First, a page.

I don’t know. I’ve just come home from a cheeky little holiday in Cornwall, and all my organic-tomatoes-grown-from-seed have gone leggy in the greenhouse so it was definitely time to plant them out. First, I hardened them off outside for a few days, and then it was time to plant. I love the internet, apart from the fact that it consumes my time when I go off on tangents. On occasion it can also give you crazy answers to the simplest of questions. How to plant tomatoes? Easy! Fish heads, aspirin, fertiser, egg shells and bonemeal. It’s true! I don’t know if it works, but I’m going to try it out as an experiment on some of my tomatoes. I was born on Halloween, and this definitely has a witches brew feel to it. Head of fish and shell of egg. Luckily I have close friends who like to fish, so the fish heads weren’t a problem. Pollock, bass and mackerel heads, to be precise. I dug a hole about 18 inches deep and added a fish head to the base.
Last, but not least, I added my leggy tomato plant, having removed the lower leaves first. I’m growing 3 varieties this year – Argo, Tomaso and Ailsa Craig – all grown from seed from The Organic Gardening Catalogue.
Fill in the hole and on with the next! I added a water bottle to get to the roots, but to be honest I think I’ll probably be taking that out again soon – I think as the fish rots down it may attract cats or seagulls into the field.
We had a visitor at the field today. We removed some black plastic which we use as a weed suppressant and underneath was a Jersey Crapaud, a common toad. Toads are brilliant for the garden so we just relocated him to another part of the field and dug the tomato bed.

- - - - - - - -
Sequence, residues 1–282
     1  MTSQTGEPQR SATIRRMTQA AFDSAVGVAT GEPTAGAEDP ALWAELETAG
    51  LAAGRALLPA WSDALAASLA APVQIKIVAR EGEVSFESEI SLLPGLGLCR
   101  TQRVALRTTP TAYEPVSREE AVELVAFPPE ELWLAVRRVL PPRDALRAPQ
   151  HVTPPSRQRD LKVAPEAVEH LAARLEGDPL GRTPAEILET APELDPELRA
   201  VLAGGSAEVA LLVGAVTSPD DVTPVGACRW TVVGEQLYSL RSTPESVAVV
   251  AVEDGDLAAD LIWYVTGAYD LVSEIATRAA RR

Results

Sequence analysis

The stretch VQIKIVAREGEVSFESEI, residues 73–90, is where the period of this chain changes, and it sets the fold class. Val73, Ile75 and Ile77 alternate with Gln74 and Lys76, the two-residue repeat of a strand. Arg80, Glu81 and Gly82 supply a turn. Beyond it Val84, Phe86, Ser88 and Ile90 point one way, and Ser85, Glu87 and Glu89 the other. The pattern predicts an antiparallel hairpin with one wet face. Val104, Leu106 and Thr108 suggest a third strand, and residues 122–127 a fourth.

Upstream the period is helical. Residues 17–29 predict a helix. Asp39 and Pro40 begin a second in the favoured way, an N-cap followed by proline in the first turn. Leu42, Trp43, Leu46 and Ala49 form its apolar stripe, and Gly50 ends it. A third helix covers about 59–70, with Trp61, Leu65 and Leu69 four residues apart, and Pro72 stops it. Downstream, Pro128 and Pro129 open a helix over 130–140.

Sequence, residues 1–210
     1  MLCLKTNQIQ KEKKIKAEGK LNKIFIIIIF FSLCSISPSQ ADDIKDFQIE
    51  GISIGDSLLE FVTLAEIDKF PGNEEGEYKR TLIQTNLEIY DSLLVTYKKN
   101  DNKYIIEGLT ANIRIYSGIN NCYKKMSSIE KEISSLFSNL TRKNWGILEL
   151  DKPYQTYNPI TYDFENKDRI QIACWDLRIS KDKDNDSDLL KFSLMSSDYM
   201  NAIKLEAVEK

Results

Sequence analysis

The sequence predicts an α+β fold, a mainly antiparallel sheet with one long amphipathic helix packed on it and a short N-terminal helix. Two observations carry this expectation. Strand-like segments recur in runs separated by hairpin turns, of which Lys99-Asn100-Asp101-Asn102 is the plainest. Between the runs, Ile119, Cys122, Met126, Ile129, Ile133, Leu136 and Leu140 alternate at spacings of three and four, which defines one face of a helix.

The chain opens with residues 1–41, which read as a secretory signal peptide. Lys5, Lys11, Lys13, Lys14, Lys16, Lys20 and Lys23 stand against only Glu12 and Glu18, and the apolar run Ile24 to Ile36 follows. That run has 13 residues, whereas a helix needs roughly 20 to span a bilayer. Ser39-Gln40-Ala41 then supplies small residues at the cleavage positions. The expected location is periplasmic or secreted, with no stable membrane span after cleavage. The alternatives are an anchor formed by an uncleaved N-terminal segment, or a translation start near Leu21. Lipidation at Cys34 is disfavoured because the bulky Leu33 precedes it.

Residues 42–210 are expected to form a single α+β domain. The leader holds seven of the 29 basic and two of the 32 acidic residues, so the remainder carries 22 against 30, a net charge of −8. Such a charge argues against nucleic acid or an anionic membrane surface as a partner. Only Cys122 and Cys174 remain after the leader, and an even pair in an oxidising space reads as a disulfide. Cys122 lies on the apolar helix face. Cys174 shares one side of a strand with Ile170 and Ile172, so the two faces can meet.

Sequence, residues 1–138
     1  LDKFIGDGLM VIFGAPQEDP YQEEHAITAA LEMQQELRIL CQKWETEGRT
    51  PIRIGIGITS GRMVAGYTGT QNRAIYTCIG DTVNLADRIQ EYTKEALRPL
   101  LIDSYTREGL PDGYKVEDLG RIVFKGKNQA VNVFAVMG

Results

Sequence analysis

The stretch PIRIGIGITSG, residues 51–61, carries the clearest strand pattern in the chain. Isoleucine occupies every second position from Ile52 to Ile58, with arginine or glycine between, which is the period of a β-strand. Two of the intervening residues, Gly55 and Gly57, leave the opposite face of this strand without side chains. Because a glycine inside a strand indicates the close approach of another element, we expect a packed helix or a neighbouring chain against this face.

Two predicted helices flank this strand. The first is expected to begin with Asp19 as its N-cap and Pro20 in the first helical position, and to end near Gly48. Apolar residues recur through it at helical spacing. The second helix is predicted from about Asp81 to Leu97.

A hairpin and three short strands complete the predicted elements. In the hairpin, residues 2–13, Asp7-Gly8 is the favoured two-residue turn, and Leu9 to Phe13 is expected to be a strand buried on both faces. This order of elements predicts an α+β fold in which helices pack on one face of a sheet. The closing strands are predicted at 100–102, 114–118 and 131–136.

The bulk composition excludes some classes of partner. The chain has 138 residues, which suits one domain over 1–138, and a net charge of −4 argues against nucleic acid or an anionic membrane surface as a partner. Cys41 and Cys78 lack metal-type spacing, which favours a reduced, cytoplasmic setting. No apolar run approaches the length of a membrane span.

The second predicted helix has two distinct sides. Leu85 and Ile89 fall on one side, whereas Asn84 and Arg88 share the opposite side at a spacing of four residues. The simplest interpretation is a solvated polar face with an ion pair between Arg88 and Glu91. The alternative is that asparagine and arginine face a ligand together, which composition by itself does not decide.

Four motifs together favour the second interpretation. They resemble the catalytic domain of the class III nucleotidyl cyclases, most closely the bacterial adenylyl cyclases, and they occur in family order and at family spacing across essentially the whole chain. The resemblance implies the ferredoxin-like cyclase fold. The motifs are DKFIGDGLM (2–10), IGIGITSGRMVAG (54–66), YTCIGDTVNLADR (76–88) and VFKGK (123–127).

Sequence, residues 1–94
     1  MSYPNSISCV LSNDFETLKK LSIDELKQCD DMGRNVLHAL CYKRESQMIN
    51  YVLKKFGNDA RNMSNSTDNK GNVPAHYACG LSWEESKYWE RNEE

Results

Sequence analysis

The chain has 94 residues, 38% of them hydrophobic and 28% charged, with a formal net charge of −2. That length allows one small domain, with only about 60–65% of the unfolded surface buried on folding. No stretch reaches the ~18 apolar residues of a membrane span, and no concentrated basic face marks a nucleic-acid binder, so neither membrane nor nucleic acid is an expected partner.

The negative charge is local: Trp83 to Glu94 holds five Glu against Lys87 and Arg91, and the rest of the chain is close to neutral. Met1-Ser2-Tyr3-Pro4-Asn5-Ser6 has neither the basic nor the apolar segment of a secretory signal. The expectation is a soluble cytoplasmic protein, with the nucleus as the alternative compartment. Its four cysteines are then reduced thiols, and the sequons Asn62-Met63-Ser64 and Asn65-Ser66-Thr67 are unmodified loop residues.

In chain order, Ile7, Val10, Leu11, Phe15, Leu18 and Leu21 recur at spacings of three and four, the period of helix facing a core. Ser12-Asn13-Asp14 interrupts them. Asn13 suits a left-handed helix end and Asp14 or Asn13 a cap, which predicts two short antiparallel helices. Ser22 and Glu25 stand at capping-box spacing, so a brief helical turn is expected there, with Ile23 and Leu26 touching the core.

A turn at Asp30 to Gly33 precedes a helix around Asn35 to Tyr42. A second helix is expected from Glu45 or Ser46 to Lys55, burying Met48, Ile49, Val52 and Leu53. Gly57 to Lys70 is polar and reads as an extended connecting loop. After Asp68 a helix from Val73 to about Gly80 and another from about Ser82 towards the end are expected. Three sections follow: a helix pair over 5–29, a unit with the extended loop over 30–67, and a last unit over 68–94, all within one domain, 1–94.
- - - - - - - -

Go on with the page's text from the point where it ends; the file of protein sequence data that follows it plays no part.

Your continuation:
A dozen tomato plants have gone in the ground with the experiment mix. The field is looking amazing after the rain and sun mix Jersey had whilst we were on holiday, and I’m sure our onions grew 6 inches. You can see our new addition in the background, a pollytunnel we built yesterday – but more on that another day.
One of the nicest things about those fish heads is that they also came with bodies. After a busy morning in the field, an afternoon on an archaeology dig and then a quick swim it was finally time to kick back and relax over dinner. My hubby made us some amazing pollock wrapped in parma ham, with roast new potatoes and spinach (from our field) and vine tomatoes (not from the field yet!).